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More than $500 million has been spent on advertising for and against health reform since 2009, with groups opposing Obamacare outspending supporters by almost 5 to 1, Bloomberg News’ Stephanie Armour reported this week. Opponents regularly cast small employers as victims of the law, and the competing messages have caused plenty of confusion. That’s prompting the Obama administration and some state governments to fight back with their own marketing efforts ahead of the Oct. 1 date when people will be able to shop for insurance on new state and federal marketplaces.
Announced Thursday, the administration’s latest push for employers and the self-employed is a new site on BusinessUSA.gov that aggregates the basics on the complex law from the Small Business Administration, Health and Human Services, and the Treasury Department. Outgoing SBA chief Karen Mills said in a press release that the site “will prove to be an invaluable resource for small employers.” Commerce Secretary Penny Pritzker was more expansive, calling it a “tremendous resource for self-employed Americans and businesses of all sizes.”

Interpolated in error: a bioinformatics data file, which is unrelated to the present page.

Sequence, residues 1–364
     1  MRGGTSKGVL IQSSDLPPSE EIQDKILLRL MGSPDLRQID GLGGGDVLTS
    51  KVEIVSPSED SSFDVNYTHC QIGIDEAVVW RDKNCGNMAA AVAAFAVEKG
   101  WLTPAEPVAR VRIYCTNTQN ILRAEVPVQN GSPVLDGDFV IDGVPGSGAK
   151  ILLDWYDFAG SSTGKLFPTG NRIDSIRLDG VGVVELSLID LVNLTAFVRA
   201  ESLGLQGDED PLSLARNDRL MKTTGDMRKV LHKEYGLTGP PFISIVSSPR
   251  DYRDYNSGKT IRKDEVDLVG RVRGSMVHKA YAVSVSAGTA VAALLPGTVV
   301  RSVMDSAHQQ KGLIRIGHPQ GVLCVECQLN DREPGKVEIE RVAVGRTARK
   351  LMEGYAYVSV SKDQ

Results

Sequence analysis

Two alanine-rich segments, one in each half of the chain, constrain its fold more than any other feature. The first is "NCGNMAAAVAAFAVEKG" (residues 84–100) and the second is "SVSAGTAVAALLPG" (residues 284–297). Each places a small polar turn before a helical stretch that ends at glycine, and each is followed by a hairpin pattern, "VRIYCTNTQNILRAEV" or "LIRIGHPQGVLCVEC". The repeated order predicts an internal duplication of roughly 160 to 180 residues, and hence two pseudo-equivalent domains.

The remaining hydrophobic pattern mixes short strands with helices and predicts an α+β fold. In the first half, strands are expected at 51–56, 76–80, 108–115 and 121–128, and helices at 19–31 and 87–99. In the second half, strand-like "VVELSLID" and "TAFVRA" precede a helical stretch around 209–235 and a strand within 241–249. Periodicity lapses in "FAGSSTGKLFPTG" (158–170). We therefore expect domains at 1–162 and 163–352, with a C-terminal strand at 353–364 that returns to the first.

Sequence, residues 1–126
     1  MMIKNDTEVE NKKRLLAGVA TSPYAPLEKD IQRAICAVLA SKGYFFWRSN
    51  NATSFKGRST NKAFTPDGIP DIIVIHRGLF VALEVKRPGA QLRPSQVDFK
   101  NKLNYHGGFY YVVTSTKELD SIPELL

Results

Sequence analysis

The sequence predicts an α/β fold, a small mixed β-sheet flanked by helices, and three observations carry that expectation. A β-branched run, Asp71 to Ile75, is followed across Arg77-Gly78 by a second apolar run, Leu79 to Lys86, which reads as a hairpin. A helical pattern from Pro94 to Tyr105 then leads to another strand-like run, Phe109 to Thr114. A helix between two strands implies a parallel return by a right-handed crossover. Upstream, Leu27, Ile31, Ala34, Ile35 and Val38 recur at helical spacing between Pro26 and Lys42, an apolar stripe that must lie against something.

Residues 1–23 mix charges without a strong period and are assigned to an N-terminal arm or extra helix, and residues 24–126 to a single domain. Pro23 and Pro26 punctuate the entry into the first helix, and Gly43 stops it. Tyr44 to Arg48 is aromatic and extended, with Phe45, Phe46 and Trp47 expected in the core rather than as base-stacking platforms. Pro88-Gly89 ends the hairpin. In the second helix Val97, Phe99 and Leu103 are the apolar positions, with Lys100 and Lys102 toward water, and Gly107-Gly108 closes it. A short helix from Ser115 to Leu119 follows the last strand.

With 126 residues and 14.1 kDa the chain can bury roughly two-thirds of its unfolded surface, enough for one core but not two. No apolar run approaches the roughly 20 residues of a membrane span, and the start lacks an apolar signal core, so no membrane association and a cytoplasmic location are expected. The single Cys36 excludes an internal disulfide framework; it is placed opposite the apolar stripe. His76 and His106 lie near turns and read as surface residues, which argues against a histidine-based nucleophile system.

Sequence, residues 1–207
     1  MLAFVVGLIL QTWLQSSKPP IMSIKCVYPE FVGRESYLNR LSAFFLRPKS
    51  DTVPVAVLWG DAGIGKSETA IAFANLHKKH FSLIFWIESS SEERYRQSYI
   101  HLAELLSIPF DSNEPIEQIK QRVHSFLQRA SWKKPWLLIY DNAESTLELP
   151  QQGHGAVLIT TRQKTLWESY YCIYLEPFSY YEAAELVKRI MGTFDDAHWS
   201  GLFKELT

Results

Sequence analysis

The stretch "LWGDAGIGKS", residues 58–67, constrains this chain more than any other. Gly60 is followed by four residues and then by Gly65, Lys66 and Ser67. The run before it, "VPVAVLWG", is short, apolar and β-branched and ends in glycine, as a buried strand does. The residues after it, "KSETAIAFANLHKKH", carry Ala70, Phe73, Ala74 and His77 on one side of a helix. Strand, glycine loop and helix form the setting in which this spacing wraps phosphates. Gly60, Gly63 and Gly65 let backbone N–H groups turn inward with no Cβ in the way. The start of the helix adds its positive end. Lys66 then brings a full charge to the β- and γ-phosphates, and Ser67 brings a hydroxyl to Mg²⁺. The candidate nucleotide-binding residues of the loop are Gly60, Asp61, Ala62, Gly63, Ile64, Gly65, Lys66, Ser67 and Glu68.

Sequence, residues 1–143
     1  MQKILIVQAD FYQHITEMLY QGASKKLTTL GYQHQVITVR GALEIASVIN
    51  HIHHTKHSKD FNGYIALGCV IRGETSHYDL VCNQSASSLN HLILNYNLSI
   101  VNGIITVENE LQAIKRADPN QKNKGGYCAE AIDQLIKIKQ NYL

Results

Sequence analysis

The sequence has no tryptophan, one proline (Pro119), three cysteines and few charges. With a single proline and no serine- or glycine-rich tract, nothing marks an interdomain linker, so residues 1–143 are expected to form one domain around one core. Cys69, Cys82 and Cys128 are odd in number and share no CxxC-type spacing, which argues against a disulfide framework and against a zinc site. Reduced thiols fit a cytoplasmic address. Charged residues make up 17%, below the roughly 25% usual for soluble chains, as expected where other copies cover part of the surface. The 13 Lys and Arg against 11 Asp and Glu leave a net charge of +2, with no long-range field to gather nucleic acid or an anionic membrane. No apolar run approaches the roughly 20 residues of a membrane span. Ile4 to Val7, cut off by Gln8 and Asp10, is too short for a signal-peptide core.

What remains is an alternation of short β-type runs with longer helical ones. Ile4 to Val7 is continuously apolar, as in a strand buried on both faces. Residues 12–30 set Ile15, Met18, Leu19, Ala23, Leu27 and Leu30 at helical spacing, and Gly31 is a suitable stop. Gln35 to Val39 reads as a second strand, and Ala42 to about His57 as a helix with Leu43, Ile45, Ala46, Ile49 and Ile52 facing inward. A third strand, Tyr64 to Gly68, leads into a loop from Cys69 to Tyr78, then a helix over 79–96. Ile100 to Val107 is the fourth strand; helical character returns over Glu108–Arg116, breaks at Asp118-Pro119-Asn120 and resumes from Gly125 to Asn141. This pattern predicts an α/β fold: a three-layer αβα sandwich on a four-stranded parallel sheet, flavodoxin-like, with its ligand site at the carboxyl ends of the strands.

A few quick spins on the site showed the cheerleading is overselling it a bit. Users punch their state and the number of people they employ into a “wizard tool” to get basics on timelines, coverage options, and tax credits. That part is smooth. But clicking on the topics the wizard spits out is clunkier, sending users to other government sites, mostly HealthCare.gov, where some of the information that the wizard already offered is repeated.
A test of the wizard as the hypothetical owner of a New York business with more than 50 employees not planning to offer insurance yielded seven topics about the changes in question-and-answer form. Example result: “Do I have to offer coverage to my employees? No employer has to offer health coverage. Some larger businesses that don’t offer coverage may have to make an Employer Shared Responsibility payment.”
Another test as a New York business with fewer than 25 employees that offers insurance and wants to explore new coverage options yielded 13 topics. Finding the page that made it clear that New York, like 16 other states and the District of Columbia, is setting up its own marketplace, instead of deferring the responsibility to the federal government, took a bunch of clicks.
A couple of pages employers might want to bookmark: “What is the Marketplace in my state?” and “How much will Marketplace health insurance cost?“